So much to say about this outstanding debut novel! First I’d like to address the issues around the author, then I’ll delve into the book itself. (It’s fantastic, though!)
So the book has been touted as an “own voices” novel, seemingly much to the author’s chagrin. She is Muslim, but she’s a white convert (Chakraborty is her married name). She has striven to correct the misconception about her ethnicity when she finds it, tweeting about it and talking about it in interviews. (This interview is a good example.) Because the book is pure fantasy, in a fantasy realm after the first few chapters, I’m not too worried about it not actually being written by a middle-eastern author. She does note in the interview I linked that she’s not qualified to write some stories because of her ethnicity, and I appreciate that recognition of privilege. As far as I can tell, (as a white person myself) she did justice to the bits of mythology that she included. (Given the reception by people who were so excited about it being an Own Voices book, I think I’m probably right.) Her twitter (@SChakrabs) is FULL of links to minority authors and retweets about their books. I am very impressed by the level of her advocacy for minority authors.
So that aside, I LOVED THIS BOOK. I almost always enjoy fantasy inspired by non-western mythology: Children of Blood and Bone was fantastic, and though Forest of a Thousand Lanterns had a western fairytale at its heart, being reimagined through an Asian lense was really neat to read. The Bear and The Nightingale and The Girl in the Tower were Russian inspired, as were The Crown’s Game/The Crown’s Fate. I really do try to pick up non-western inspired fantasy when I can. City of Brass scratched that itch perfectly.
City of Brass opens in Cairo, where our heroine, Nahri, is a con-woman with small healing magics. When a ritual goes awry, she’s thrust into the world of the djinn. It’s when Nahri and her accidental bodyguard, Dara, arrive at the Djinns’ city of Daevabad that the story really gets started.
I’m still a little confused about the difference between djinn and Daeva; Daeva seem to be one of the tribes but also the name for the entire race, and some of them get offended at being called djinn but some of them don’t? I’m not really sure about that distinction. There is a clear line between djinn and Ifrit, though – Ifrit are immensely powerful, immortal beings who refused to subject themselves to punishment many centuries ago. I’m not sure I actually see a downside to being Ifrit, other than the djinn all think they’re evil. The Ifrit, however, are out to get Nahri, and Dara’s not having any of THAT.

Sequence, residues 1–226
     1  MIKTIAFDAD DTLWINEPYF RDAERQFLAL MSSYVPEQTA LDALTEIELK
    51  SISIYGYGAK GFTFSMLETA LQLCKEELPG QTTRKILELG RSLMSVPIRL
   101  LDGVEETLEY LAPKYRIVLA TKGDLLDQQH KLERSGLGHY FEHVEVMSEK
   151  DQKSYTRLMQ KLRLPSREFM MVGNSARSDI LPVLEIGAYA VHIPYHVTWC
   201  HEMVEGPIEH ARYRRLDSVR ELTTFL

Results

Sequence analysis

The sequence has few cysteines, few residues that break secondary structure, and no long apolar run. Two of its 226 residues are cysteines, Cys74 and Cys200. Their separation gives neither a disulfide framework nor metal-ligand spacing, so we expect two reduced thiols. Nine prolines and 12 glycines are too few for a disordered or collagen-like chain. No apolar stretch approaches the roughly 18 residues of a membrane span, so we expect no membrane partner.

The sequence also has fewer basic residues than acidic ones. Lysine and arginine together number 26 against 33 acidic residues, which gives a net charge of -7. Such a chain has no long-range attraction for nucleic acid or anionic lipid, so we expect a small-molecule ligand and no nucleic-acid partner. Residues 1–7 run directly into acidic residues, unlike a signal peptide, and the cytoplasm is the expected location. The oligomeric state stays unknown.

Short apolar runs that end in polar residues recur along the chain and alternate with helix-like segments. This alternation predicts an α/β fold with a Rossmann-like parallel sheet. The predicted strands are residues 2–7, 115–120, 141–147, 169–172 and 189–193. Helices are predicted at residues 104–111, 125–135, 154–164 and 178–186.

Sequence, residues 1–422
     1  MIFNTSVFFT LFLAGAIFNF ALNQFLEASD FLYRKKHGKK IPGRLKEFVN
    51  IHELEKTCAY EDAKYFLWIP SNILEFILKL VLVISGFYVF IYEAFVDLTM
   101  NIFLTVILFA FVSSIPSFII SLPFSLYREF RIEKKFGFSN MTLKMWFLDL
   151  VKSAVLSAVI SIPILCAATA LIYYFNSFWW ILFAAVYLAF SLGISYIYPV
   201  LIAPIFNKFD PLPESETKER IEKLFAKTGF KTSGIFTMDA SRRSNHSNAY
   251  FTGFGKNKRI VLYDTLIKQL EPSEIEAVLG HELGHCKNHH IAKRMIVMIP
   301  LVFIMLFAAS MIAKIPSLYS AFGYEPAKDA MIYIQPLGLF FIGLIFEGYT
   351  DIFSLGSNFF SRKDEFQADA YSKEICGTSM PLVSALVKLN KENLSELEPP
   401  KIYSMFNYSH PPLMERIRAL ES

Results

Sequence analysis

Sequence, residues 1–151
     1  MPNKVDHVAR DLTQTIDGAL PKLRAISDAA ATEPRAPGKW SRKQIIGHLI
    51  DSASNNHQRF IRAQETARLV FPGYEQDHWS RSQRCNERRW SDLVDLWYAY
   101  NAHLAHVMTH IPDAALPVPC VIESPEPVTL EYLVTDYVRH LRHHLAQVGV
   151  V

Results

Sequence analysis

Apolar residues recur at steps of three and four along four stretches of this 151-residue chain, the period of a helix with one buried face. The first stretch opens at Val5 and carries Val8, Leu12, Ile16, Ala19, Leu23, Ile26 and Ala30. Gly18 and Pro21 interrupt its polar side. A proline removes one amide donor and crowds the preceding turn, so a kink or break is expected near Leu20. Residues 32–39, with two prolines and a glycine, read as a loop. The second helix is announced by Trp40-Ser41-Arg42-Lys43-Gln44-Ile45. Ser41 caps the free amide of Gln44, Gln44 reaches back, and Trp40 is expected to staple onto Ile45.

I love Dara – he’s a fascinating character, with a violent, mysterious backstory. I’m very eager to read more about him and figure out exactly what’s up with his background. Nahri is also awesome – a little arrogant, but by the end of the book she’s starting to learn she might need help from those around her. Unfortunately, also by the end of the book she doesn’t know who to trust. The naive djinn prince, Ali, is the third main character of the book, and while I can see him having an interesting story, his personality is still a little flat. Hopefully the second book will see advancement in all three of these characters’ personalities.
And I can’t WAIT for the second book! City of Brass didn’t exactly end on a cliffhanger, but it did leave many questions unanswered and our main characters’ fates uncertain. Unfortunately, I can’t find any information on the sequel, just that it’s being edited. No release date or title yet.
Read this book. It’s fantastic.
From the cover of City of Brass:
Nahri has never believed in magic. Certainly, she has power; on the streets of eighteenth-century Cairo, she’s a con woman of unsurpassed talent. But she knows better than anyone that the trades she uses to get by—palm readings, zars, and a mysterious gift for healing—are all tricks, both the means to the delightful end of swindling Ottoman nobles and a reliable way to survive.
But when Nahri accidentally summons Dara, an equally sly, darkly mysterious djinn warrior, to her side during one of her cons, she’s forced to reconsider her beliefs. For Dara tells Nahri an extraordinary tale: across hot, windswept sands teeming with creatures of fire and rivers where the mythical marid sleep, past ruins of once-magnificent human metropolises and mountains where the circling birds of prey are more than what they seem, lies Daevabad, the legendary city of brass—a city to which Nahri is irrevocably bound.
In Daevabad, within gilded brass walls laced with enchantments and behind the six gates of the six djinn tribes, old resentments run deep. And when Nahri decides to enter this world, her arrival threatens to ignite a war that has been simmering for centuries.
Spurning Dara’s warning of the treachery surrounding her, she embarks on a hesitant friendship with Alizayd, an idealistic prince who dreams of revolutionizing his father’s corrupt regime. All too soon, Nahri learns that true power is fierce and brutal. That magic cannot shield her from the dangerous web of court politics. That even the cleverest of schemes can have deadly consequences.
After all, there is a reason they say to be careful what you wish for . . .